The prominent property at 64 North Terrace, Kent Town, has always made a splash, firstly as the home of one of SA’s first premiers, Sir Frederick Holder, then as a theological college and later as Pepper Studios, the source of many of Adelaide’s memorable early television advertisements.
However, one of the most notorious chapters in this long and storied history involves its reputation as “the place with the pool”. Located behind the former Parkin Theological College building on the left, the swimming pool was regularly used for dips during the 1980s and 1990s, as part of the riotous parties when the property was Pepper Studios, run by renowned audio and film producer Max Pepper.
Mike O’Reilly, a serial tenant at Pepper Studios during the 1990s, said the biggest splash in the pool involved the West End Girls, a television troupe recruited to promote SA Brewing during the competitive “beer wars” era. “After recording an advertisement one hot summer afternoon, everyone went out the back to unwind over a drink,” recalls Mike.
“I reliably heard on Monday that the drinks kept flowing until someone suggested that they take a dip. Rather than go home for their bathers, some of the girls just got out of their gear and, along with other party goers, went for a skinny-dip. It was a very relaxed atmosphere in those days.”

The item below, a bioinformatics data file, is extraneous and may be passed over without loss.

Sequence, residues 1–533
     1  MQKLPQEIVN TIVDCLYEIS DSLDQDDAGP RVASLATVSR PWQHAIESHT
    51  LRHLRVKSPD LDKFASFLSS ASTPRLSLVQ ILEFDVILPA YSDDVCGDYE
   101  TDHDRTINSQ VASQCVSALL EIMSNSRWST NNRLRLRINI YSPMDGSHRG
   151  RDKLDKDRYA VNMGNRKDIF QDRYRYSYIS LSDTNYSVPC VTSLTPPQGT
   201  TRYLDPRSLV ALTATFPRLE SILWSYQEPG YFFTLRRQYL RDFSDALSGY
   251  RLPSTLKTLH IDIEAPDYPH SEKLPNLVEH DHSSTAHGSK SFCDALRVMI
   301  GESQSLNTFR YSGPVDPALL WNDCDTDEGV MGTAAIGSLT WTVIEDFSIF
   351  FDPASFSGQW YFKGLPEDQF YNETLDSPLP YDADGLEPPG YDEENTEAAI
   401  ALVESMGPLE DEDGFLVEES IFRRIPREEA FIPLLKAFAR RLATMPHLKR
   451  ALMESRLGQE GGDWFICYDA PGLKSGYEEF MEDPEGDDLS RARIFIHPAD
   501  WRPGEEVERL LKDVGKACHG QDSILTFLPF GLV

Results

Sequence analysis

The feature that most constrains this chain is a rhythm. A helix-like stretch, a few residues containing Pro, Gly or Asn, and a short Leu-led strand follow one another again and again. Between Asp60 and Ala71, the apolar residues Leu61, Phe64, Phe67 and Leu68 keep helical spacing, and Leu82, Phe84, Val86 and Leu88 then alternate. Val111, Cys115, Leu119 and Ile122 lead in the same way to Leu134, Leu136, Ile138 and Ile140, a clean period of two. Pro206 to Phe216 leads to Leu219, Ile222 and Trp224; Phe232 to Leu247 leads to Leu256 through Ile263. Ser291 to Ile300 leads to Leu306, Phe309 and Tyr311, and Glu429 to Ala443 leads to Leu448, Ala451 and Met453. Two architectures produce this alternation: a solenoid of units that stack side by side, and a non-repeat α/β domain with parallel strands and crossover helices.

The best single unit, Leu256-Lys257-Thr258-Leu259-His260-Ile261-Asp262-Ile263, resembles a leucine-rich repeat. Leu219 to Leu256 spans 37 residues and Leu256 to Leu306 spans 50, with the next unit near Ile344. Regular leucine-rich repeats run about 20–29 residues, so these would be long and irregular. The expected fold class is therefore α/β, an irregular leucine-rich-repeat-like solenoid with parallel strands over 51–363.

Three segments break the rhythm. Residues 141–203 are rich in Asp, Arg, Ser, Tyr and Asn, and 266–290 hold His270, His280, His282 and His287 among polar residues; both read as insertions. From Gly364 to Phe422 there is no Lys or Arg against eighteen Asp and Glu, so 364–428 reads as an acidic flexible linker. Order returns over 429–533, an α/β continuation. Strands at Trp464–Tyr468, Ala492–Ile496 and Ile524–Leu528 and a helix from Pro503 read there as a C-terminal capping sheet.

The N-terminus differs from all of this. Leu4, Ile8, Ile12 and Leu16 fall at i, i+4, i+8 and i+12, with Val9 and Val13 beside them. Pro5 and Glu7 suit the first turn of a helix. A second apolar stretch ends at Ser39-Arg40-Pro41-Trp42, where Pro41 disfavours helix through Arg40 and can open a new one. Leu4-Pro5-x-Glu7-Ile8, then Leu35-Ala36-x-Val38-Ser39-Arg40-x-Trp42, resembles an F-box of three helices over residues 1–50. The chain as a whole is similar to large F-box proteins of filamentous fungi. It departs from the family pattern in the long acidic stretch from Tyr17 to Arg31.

One day that was not relaxed was Friday, September 15, 2000 – the day that the Olympics opened in Sydney – when staff and tenants discovered that many were losing their jobs and tenancies in the coming weeks. Among the tears and farewells and quite a bit to drink, a window was accidentally broken in the office that overlooked the swimming pool.
“As I was starting to clear out my office the next morning, I realised that some of the glass had fallen in the pool,” recounted Mike. “When I went to clean it up, I discovered the security system was armed for most of the building, so to get to the pool, I had to creep down the spiral staircase, then edge along the wall – Mission Impossible-style – to pick up the glass from the paving and fish it out of the water.”
But today at Base 64, the swimming pool no longer presents a temptation for skinny dipping or a risk of broken glass. During major renovations in 2013 and 2014, the derelict pool was replaced by a 50,000-litre rainwater retention tank, covered with a wooden-decked barbeque area.
Author: John Harris